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[Editorial] A tale of two lawmakers

Yun offered to resign over father’s speculation suspicions; Kim denies allegations involving himself

Rep. Yun Hee-suk, a rising lawmaker of the main opposition People Power Party, offered to give up her parliamentary seat and presidential bid over suspicions that her father violated the farmland law in the past.

The suspicions are part of the results of the Anti-Corruption and Civil Rights Commission’s investigation into real estate transactions involving opposition parties.

Yun, a political rookie, said resigning is the way for her to keep faith with her supporters and to do what is right as a daughter because she has “called for politics of honor and common sense.”

Yun said she feared her father’s suspected speculation would give the ruling party a pretext to make fun of, hurting the opposition’s chances for a change of government.

She has sharply criticized the current regime’s backfired real estate policies and the hypocrisy shown by those in power who have speculated in real estate surreptitiously while condemning speculators in public.

Her father bought farmland in Sejong in 2016 but had someone else cultivate it, which is a violation of the farmland law that requires farmland owners to till their farmland directly.

The party leaders judged she had nothing to do with her father’s farmland deal, and did not discipline her.

She said she knows nothing about her father’s economic activity after she was taken off the family register when she got married 26 years ago.

If what she says is true, it would be unfair to hold her responsible for what her father did. Her father bought the farmland when she was not a lawmaker. The guilt-by-association system is long repealed.

Nevertheless, she apologized and declared intent to resign as a lawmaker. It is a rare sight among politicians on both sides of the aisle. Her declaration to quit over dubious allegations is a fresh shock.

No lawmaker but Yun has offered to resign over suspicions raised by the ACRC. The ruling Democratic Party of Korea suggested 10 lawmakers should leave the party voluntarily, but they remain. The party expelled two proportional representation lawmakers. Though they were expelled, however, they retain their parliamentary seats as independents sympathetic with the ruling party. The PPP suggested five lawmakers leave the party, expelled one and decided not to discipline six including Yun.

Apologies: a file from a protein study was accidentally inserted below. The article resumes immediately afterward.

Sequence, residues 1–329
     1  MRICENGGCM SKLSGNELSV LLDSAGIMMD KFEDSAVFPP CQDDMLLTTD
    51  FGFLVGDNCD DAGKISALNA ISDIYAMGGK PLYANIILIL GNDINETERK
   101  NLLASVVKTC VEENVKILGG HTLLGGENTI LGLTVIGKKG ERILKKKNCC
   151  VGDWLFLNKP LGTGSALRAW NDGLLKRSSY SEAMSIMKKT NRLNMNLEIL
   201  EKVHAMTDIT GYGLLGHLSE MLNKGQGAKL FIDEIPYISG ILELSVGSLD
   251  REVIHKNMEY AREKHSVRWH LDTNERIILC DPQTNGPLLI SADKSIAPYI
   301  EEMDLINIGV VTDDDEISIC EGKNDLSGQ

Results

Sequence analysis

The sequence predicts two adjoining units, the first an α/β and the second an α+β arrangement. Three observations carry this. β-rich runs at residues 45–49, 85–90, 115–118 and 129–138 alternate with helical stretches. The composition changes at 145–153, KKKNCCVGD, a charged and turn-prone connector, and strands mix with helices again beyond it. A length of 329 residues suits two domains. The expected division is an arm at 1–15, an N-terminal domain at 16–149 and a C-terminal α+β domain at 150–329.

Yun’s offer to resign stands in contrast to other lawmakers who stick to their parliamentary seats despite suspicions.

The commission said that a lawmaker of the minor Open Democratic Party had used insider information in real estate speculation. It did not disclose the name of the lawmaker, but the lawmaker turned out to be Rep. Kim Eui-kyeom who denied the suspicion voluntarily.

As President Moon’s spokesman, Kim bought a building in a redevelopment project area for 2.57 billion won ($2.2 million) in July 2018. He borrowed 1.6 billion won, more than half of the building price. He was found to have partially fabricated loan documents.

At that time, the Moon regime targeted reconstruction and redevelopment as the hotbed of speculation and unveiled a series of regulations against them. Nonetheless, the Cheong Wa Dae spokesman who spent most of his career as a journalist bet almost all he had on the building. It would be hard to do so without good confidence that it will return much more. This is where he is suspected of using undisclosed information.

A week after he bought the property, the Seoul mayor mentioned a master plan to redevelop Yongsan and Yeouido, driving up land prices of nearby areas including the site of the building.

He sold the building for 3.45 billion won in December 2019, a year and five months after purchasing it. The margin amounted to 880 million won. This could hardly be coincidental.

As a journalist, he criticized the surge of apartment prices. But as Cheong Wa Dae spokesperson, he took a big risk of taking out so much debt that ordinary people would not dare to.

He joined the DP’s sister party that would consist only of proportional representation lawmakers, and became a lawmaker after all.

It looks unlikely that Kim will leave politics as Yun did. Voters are watching the different steps taken by the two lawmakers. It is not hard to guess whom they would support.

By Korea Herald (koreaherald@heraldcorp.com)
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